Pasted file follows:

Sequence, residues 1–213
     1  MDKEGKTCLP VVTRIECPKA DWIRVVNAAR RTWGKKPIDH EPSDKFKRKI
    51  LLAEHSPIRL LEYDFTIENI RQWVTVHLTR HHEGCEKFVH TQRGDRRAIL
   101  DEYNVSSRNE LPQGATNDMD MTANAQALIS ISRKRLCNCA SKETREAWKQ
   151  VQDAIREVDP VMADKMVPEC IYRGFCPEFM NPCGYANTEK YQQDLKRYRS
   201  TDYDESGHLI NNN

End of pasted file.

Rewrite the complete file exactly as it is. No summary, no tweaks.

Sequence, residues 1–213
     1  MDKEGKTCLP VVTRIECPKA DWIRVVNAAR RTWGKKPIDH EPSDKFKRKI
    51  LLAEHSPIRL LEYDFTIENI RQWVTVHLTR HHEGCEKFVH TQRGDRRAIL
   101  DEYNVSSRNE LPQGATNDMD MTANAQALIS ISRKRLCNCA SKETREAWKQ
   151  VQDAIREVDP VMADKMVPEC IYRGFCPEFM NPCGYANTEK YQQDLKRYRS
   201  TDYDESGHLI NNN